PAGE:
What is a nameserver?
A nameserver (sometimes called a DNS server) is what translates a domain name or computer hostname to an IP address, which is a numeric pointer that identifies a computer on the Internet. Each computer/server etc. has an IP address that looks like four numbers separated by a dot:
Instead of needing to remember all those numbers for your favorite websites, we use the DNS (domain name system) to translate domain names into IP addresses. The Nameserver is the part of the DNS system that translates all that information.
When your computer wants to know how to access www.google.com it sends a query to your ISP's DNS servers. Those servers are responsible for answering your computer's questions. If your ISP's servers don't know the answer then they have a process where they ask the central Nameservers for the Internet, who then point them to Google's Nameservers for the answer. Since Google's Nameservers are authoritative for google.com, www.google.com, gmail.com, etc, your ISP's servers ask Google's servers for the correct IP address and then tell your computer so it can ask the right server for the web page. Your ISP then caches that information so it doesn't have to ask again for a while, in case another computer asks the ISP for that information.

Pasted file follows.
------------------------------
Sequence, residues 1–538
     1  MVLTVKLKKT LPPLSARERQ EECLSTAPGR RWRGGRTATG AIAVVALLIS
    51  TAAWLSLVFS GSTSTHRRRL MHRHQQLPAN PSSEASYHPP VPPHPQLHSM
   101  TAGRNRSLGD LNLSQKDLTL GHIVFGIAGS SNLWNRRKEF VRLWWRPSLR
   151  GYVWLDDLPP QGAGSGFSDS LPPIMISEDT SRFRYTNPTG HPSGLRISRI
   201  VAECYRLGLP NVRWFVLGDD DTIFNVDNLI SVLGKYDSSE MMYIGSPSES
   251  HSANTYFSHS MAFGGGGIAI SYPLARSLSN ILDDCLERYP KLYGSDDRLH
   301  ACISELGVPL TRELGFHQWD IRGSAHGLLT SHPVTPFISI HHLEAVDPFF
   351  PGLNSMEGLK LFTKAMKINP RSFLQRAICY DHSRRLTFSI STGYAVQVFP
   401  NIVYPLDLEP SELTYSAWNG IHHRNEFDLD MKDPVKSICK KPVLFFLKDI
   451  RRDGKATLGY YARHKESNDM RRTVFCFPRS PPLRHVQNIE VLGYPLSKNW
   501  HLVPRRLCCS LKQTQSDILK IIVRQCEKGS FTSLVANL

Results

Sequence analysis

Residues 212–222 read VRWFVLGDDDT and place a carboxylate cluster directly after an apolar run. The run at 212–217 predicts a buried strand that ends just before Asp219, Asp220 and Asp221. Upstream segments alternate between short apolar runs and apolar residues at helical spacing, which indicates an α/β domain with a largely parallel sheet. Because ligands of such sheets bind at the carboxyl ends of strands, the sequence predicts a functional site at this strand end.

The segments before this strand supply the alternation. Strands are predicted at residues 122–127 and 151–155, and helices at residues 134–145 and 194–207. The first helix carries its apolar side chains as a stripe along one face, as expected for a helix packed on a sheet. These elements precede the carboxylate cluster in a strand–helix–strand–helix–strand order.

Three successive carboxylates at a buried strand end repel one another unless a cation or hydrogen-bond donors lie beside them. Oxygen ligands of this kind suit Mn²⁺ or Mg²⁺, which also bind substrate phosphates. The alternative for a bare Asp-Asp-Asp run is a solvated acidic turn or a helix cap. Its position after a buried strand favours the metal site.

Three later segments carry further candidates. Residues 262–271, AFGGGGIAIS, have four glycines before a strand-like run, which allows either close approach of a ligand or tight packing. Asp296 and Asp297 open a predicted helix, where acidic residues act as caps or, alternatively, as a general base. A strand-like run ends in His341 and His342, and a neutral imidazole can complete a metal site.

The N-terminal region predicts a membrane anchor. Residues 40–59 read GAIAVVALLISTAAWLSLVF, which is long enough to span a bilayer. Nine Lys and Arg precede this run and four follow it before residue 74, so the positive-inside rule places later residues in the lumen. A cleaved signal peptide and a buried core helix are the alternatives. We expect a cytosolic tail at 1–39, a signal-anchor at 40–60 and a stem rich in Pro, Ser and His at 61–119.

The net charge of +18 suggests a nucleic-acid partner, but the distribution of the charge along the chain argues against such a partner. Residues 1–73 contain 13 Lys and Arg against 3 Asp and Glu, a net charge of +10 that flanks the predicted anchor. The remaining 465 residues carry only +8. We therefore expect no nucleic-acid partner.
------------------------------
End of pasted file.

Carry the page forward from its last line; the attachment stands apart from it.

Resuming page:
The nameservers that Greenix360 uses for the domains it hosts are:
Check out this great video that explains DNS in simple terms. You can also check out our DNS Explained article.
The nameservers for your shared hosting account are ns3.greenixhosting.com and ns4.greenixhosting.com.
The nameservers for your VPS account (using example.com) are ns1.example.com and ns2.example.com.
You will need to register your nameservers with the registrar where you purchased the domain, if it was not Greenix360.
Point Your Nameserver to Another Host
If you registered your domain name at Greneix360 you can login to the Customer Area (https://portal.greenixhosting.com/clientarea.php) and follow these steps:
Click My Domains
Click the View Details button directly adjacent to the domain in question
Untick the Registrar Lock box so that the domain is temporarily unlocked and click Save
In the nameserver fields, change them to your new host's nameservers
Tick the Registrar Lock box again so that the domain is locked
Save your changes
Note: enter the nameserver in the format of ns1.example.com. You do not need to use the Register a Nameserver function.